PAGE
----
Iconography of the US

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Here, Disney’s Mickey Mouse is transformed to take on the Chinese culture. 

Mickey Mouse became an icon in the US with the introduction of Walt Disney and the Disney Company. Mickey Mouse is the official mascot for the company when it was created in 1929. He wears red shorts, large yellow shows, and has white gloves. In fact, Mickey’s character became official in 1928 with the screening of the film Steamboat Willie This career skyrocketed as he appears in over 130 films. The character became a well-known icon for children and even adults as Mickey is known not only as the mascot for Disney, but an icon for play, entertainment, and fun.

Outside the U.S, Mickey is also a symbol for the Disney network. More specifically, in China, Mickey has completely been adapted and localized to fit the Chinese culture. Disney is rising in the Chinese culture, in particular with the introduction of a new Disney theme park in Shanghai.  Recently actually, in April the Chinese has formed a joint venture in investing in the upcoming resort and park and has added a $800 million investment in it. This shows not only Disney’s popularity, but China’s growing entertainment market, especially in regards to the media. This park is supposed to open in 2015. Currently, there is already a theme park in Hong Kong, showing its popularity through expanding into another city. As far as the US response to this, the company in general is thrilled with this expansion as it still holds 43 percent ownership of the brand abroad. It is pretty obvious why the US would be in favor of this growth because it supports their business; expansion equates to profit increase.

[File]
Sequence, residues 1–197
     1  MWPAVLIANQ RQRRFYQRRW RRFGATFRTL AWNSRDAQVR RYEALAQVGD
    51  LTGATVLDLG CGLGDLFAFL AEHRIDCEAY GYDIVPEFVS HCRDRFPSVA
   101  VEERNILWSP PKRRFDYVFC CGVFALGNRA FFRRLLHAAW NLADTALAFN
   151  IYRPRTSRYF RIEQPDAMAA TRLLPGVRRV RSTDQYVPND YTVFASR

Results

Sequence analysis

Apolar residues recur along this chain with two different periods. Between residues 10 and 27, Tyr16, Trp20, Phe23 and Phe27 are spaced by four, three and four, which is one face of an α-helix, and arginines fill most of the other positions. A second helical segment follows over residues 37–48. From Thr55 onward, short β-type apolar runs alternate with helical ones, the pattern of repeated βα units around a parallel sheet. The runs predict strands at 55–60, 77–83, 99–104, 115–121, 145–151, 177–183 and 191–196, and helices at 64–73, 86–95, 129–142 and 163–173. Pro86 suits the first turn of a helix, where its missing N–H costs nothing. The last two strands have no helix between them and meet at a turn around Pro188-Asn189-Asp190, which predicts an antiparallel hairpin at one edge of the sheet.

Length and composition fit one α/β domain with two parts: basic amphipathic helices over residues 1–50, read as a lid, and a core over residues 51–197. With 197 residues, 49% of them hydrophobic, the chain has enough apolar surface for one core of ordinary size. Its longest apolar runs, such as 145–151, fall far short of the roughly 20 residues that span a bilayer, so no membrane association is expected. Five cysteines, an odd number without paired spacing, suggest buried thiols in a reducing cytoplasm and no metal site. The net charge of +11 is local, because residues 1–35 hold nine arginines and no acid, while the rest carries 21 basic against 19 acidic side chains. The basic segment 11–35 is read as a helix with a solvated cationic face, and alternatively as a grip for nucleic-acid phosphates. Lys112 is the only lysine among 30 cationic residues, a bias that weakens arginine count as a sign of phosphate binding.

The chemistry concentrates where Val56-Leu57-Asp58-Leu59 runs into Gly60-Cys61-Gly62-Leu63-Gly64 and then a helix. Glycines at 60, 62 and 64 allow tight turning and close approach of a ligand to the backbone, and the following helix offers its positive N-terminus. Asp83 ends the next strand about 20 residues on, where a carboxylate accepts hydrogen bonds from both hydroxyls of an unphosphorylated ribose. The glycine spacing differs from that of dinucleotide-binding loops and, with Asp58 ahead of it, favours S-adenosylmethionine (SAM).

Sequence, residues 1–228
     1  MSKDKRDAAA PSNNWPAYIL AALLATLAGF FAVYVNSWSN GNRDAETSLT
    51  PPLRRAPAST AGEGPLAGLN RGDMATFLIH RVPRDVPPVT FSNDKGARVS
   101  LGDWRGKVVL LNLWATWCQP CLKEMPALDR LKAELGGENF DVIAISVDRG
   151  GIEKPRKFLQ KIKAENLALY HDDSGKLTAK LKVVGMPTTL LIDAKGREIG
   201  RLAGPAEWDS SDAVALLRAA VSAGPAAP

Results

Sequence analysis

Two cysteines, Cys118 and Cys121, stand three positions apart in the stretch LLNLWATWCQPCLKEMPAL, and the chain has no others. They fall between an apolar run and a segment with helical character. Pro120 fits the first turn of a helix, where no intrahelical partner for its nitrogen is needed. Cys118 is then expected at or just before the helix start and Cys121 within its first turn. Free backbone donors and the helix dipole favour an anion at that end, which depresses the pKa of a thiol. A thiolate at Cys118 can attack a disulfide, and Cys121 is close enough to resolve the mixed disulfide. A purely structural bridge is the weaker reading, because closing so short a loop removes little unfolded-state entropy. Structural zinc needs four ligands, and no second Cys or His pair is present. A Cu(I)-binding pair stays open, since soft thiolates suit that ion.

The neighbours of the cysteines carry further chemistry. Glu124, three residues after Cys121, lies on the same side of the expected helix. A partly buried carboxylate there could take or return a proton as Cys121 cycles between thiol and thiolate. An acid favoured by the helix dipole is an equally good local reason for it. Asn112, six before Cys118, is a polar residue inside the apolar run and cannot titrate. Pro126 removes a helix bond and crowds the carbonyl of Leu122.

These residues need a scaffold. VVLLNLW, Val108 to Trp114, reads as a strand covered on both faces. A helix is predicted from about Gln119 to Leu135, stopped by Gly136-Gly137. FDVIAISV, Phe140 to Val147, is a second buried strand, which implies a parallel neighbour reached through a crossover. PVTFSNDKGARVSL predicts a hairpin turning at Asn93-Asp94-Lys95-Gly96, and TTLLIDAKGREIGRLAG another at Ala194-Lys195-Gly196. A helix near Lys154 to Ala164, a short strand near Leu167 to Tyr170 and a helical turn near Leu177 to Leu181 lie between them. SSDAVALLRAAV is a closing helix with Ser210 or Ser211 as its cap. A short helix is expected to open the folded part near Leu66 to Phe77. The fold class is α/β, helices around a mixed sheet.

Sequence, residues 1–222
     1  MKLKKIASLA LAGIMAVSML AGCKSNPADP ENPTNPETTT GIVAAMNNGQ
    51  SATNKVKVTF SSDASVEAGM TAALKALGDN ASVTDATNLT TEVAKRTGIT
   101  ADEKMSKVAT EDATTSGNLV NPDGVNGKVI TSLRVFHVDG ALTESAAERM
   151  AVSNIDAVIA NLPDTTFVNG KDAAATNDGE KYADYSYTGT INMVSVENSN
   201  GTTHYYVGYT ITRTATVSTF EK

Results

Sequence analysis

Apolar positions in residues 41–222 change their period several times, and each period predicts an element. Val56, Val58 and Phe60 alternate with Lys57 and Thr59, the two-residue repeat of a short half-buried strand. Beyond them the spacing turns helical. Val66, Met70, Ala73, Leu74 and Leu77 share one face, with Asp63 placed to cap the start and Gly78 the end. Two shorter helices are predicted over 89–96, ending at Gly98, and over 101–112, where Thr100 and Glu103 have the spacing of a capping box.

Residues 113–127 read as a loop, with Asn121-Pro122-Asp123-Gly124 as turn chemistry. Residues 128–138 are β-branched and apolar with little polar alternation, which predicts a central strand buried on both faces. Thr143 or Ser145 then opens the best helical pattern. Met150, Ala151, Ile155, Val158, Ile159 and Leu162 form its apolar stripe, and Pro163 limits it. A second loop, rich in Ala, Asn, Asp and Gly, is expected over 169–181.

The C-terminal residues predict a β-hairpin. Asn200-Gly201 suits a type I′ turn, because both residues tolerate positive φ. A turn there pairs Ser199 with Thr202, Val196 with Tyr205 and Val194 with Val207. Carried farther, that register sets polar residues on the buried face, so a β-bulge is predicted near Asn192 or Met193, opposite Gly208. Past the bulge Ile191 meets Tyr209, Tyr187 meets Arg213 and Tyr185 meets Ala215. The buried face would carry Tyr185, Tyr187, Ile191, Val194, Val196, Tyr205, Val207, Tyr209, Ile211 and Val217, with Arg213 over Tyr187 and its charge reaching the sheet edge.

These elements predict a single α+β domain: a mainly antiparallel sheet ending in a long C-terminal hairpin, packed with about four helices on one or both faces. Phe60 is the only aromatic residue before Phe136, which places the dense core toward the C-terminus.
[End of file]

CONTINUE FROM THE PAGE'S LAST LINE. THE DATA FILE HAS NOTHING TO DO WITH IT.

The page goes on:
As seen in the picture, Chinese Mickey is not wearing the traditional US clothing, but appears to appeal more to the traditional Chinese culture with his style. What stays the same however, is the white gloves; keeping up with Mickey’s typical image that is well known around the world; adding to the iconography of Mickey Mouse. This is a key example of localization in the global media market realm where something abroad is adapted to a local market. From a capitalistic standpoint this is very clever for corporations and conglomerates as business strategy. By pairing up with local market, both the local market and the global market gets to expand. From a business standpoint, both the Chinese market as well as the US market benefit from Disney reaching out the other areas of the world. Making an icon stretch its lengths in the world allows for more brand recognition. Thus, Mickey Mouse is being used as a business and marketing tool for the broader company here.

I am not sure what would have been more fitting instead of the U.S icon, as Mickey is the universal symbol for Disney. Say China completely made a new character in order to promote the company abroad, that would have completely taken away from the company and it is safe to say that Walt Disney would not have agreed to that for ownership.